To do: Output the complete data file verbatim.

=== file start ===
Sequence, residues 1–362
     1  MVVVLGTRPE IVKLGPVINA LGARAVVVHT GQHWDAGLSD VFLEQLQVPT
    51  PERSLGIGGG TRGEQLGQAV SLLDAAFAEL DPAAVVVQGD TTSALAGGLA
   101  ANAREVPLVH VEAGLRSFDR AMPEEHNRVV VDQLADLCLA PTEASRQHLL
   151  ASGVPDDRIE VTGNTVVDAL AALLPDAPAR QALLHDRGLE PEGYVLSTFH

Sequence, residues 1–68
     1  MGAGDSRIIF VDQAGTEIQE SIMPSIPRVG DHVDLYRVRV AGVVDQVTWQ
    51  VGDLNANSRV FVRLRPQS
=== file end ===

Sequence, residues 1–362
     1  MVVVLGTRPE IVKLGPVINA LGARAVVVHT GQHWDAGLSD VFLEQLQVPT
    51  PERSLGIGGG TRGEQLGQAV SLLDAAFAEL DPAAVVVQGD TTSALAGGLA
   101  ANAREVPLVH VEAGLRSFDR AMPEEHNRVV VDQLADLCLA PTEASRQHLL
   151  ASGVPDDRIE VTGNTVVDAL AALLPDAPAR QALLHDRGLE PEGYVLSTFH

Sequence, residues 1–68
     1  MGAGDSRIIF VDQAGTEIQE SIMPSIPRVG DHVDLYRVRV AGVVDQVTWQ
    51  VGDLNANSRV FVRLRPQS